1. All I need to do is proof the overdue-new-to-me assignment I was given, then I can upload it and it’s gone. (Which is what I should be doing right now, but I have to decompress first.)

2. The roads were fairly clear yesterday. Traffic was not wholly insane.

3. My cello lesson was awesome. I got one new technical exercise assigned, one new Mooney Position Pieces exercise, two new pieces in the Suzuki book (apparently I’m doing that well) (the corollary to this, of course, is serves me right for practising the next few in the book after the piece I just did in recital), and a lovely three-movement cello duet sonata thing by S. Lee (op. 60 if anyone’s keeping score) (and ooh, I just discovered that my teacher gave me the first and second sonatas, not just the first!).

4. The Murphy family (no relation, although we have messed with people’s minds that way, heh) sent HRH, the boy, and I a special gift: two of the extremely awesome cat cupcakes that Elspeth had as part of her birthday cupcake extravaganza! Mmmm, cupcakes. With icing in the middle. And fondant cats on the top.

5. The boy was remarkably good during this morning’s bank/breakfast/seasonal shopping run. (Except when he REALLY wasn’t, but we are focusing on the good things.) We really enjoyed lots of it together. He asked for pancakes for lunch and I figured why not, so he ate three (!?), asked for a glass of milk, and went for his nap mostly without acting up or major incident. (I suspect he finally figured out I was about to completely snap after having to deal with certain of his shenanigans while shopping.)

6. Two complete strangers in the dollar store passed me three loonies to buy him the three wooden train cars he was coveting. I’d told him he could choose one and he couldn’t decide. I was staggered. I mean, sure, I’ve done things like that before for others, both for strangers and friends (and on a much, much larger scale too), but I’ve never expected it back. Complete strangers? Giving me loonies? To buy the boy the trains he was stroking? They were both moms with grown-up kids in other cities who they couldn’t treat like that any more, they said. The boy, who had been behaving very well at this point of the trip, was a perfect gentleman and said thank you and told them very excitedly all about what he would do with them when he got the trains home. I guess this is life demonstrating the ‘pay it forward’ principle. Thank you, universe!

7. I found four of the main things I needed for Yule, three small things, and two unexpected very small things. What I did not get were two of the other main things because the boy was acting up and also none of the stores I went to had one particular thing in stock. I could have checked two more shops but we ran out of patience time. I knew it was time to go home when I couldn’t string a complete sentence together to talk to one of my favourite bookshop clerks, partly due to having to keep grabbing the boy before he wandered off or pulled one. more. thing. off a shelf, partly because I couldn’t think my way through an unexpected obstacle (someone’s postal code? and phone number? off the top of my head? so not going to happen).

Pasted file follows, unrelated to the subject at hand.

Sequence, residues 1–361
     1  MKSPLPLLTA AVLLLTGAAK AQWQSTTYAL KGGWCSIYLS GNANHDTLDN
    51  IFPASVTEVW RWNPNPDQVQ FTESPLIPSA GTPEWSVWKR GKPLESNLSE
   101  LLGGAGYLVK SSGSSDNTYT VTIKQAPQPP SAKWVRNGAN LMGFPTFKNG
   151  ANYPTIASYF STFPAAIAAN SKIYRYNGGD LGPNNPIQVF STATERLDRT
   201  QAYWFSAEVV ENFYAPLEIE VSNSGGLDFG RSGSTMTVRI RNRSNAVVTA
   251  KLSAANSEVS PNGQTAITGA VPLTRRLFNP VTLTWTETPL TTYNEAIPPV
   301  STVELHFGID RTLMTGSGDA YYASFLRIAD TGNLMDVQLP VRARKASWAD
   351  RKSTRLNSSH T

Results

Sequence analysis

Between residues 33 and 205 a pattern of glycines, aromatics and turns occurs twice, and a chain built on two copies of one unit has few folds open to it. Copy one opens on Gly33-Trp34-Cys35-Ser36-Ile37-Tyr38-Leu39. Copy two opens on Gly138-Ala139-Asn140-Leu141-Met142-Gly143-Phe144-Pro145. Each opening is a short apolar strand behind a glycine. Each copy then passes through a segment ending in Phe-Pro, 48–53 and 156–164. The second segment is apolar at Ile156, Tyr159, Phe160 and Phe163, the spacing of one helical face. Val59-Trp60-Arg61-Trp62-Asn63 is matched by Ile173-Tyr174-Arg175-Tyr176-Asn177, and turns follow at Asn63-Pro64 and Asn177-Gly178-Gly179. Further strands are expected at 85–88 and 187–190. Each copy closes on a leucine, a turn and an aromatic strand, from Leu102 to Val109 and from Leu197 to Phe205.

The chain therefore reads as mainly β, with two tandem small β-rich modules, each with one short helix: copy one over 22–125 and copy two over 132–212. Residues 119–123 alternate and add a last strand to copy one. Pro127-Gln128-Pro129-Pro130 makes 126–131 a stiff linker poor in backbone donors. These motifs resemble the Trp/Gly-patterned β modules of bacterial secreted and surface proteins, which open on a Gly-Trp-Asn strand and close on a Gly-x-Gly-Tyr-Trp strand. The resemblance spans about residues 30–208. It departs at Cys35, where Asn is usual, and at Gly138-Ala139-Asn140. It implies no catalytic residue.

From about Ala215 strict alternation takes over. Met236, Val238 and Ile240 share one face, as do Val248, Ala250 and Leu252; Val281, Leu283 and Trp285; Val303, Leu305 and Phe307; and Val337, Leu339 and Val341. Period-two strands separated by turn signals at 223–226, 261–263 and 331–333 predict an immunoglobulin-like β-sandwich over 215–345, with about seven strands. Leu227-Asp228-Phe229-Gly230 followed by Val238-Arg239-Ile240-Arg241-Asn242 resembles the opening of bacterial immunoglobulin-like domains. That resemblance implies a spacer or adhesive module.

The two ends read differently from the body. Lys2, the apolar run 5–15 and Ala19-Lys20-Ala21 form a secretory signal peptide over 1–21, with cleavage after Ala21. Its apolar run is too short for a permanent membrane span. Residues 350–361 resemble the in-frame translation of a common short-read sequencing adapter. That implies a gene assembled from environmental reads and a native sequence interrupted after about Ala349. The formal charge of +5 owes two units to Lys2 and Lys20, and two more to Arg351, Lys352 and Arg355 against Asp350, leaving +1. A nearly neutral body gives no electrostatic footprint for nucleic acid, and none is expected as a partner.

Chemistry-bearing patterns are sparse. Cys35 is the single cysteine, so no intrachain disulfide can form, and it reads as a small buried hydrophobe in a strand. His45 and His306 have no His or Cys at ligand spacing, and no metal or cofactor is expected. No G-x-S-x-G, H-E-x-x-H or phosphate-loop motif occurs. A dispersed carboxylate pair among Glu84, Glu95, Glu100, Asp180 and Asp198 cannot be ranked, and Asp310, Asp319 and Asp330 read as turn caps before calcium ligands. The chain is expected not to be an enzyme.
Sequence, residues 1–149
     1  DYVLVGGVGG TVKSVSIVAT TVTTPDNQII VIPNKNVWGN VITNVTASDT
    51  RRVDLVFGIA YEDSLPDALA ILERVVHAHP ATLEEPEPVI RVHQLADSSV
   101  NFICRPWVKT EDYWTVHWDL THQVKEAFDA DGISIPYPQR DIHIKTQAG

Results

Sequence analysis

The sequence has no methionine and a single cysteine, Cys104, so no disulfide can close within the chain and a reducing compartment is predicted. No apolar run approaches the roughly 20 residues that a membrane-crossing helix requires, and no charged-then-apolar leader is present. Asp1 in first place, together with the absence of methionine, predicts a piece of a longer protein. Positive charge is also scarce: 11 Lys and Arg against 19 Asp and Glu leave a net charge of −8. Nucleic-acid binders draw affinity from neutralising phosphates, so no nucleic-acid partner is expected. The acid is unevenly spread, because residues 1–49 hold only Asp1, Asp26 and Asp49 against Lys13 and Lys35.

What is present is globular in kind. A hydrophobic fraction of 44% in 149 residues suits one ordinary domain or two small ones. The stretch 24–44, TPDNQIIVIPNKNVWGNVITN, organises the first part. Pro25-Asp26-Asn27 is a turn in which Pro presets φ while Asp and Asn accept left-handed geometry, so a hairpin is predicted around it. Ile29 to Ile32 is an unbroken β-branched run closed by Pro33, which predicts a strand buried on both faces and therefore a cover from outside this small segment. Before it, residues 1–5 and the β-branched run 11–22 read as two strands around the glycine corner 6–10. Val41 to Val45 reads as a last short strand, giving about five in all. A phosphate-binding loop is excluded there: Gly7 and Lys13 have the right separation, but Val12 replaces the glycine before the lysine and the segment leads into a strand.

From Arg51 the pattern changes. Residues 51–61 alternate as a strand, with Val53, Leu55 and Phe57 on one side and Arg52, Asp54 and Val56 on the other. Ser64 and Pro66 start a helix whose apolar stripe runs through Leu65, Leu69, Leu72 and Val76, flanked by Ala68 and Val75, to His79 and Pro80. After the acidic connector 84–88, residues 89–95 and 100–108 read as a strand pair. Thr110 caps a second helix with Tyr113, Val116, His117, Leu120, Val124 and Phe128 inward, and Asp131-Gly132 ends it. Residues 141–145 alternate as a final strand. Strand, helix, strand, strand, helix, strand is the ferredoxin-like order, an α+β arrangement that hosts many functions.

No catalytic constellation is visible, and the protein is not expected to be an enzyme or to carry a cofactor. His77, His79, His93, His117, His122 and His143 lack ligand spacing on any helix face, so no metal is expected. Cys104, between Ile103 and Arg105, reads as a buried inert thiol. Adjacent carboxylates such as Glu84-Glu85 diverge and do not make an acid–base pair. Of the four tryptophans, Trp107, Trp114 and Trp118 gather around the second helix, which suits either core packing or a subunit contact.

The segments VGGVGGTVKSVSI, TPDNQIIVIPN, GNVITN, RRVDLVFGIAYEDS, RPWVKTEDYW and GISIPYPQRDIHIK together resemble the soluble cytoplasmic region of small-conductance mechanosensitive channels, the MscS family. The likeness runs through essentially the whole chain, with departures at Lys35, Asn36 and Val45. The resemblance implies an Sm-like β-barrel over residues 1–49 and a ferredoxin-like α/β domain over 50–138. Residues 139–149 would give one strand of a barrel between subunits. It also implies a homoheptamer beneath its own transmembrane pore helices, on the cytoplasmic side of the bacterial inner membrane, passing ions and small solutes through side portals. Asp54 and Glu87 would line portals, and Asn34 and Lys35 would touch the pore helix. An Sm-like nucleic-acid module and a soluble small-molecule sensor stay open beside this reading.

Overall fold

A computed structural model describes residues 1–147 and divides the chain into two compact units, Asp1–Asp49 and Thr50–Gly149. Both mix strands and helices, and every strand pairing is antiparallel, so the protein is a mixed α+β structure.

8. We cased the mall’s Santa set-up (you think I’m kidding? The boy went all the way around the fences, running his hands along the edges and calculating how far he could reach into the fluffy fake snow, found every single entrance and exit, and I will bet you that he has it memorized) and checked the visiting hours for the Official Santa Visit tomorrow.

9. The boy got a return letter from Santa in the mail today! He probably would have been much more excited if he hadn’t been trying to open those new train cars at the same time.

10. I finished the first colour block and a third of the next block on HRH’s scarf last night while we watched some of the making-of features on the Prince Caspian DVD. One and one-third down! Eighteen and two-thirds to go!

11. We shared a nice chummy breakfast in the mostly empty food court, sharing a breakfast sandwich and some juice from Tim Horton’s while we looked at the Nutcracker decorations (or, as Liam calls them, ‘the Christmas soldiers’). And the boy learned how to make a wish and toss a penny into the fountain.

There, see? I’m in a much better mood now. It doesn’t matter that I only got some of what we went out for, and that the groceries didn’t get done at all. We had lots of fun in between the argh bits (and really, the argh was mostly an aggregate of the usual things one has to tell a three year old over and over and over, which I know perfectly well must happen because of how their brain are rewiring but still gets to me) and encountered unexpected kindnesses.

Now, I will proof that assignment and upload it, and then, Gentle Readers, I will knit some more once I’ve mixed a batch of bread dough and another of pizza dough.

The Raptures of the Season

So somewhere around now Santa will be paying the kids at the boy’s preschool a special visit. I anticipate having to corral a very excited three-year-old when he gets home.

I have a board meeting scheduled tonight, and was supposed to visit a friend off-island afterwards, but with the roads being as awful as they are I suspect the latter isn’t going to happen. Gnarr.

We have the visit to the mall Santa scheduled for first thing Saturday morning, followed by a trip to pick out the Christmas tree. What with all the snow, I think we’re starting to feel a bit more seasonal around here. I’m not sure where December went. We’ve all been forgetting the Advent calendar, so the boy currently thinks you open four doors at once. And somehow it got to be my last cello lesson of the year tomorrow, so I’ll be stopping off on my way to it in order to pick up the present I’d intended to pick up before now. (Can I combine it with a trip to the local yarn shop to buy yarn for Bodhifox’s hat and a larger set of circular needles? Hmm. Probably not, since I need to work tomorrow now thanks to the overdue-assignment-I-just-got, which means they get shunted lower on the list of priorities and to a later date, sigh.) It’s like the middle of December disappeared. And it’s finally sunk into my awareness that if Yule is on Sunday, we can’t do the Yule-connected shopping on Monday when we do the rest. Which means doing it Friday morning as soon as the shops open, because the boy and I have the day together and the car at our disposal, and because there’s no way it’s being done on the last Saturday before Christmas.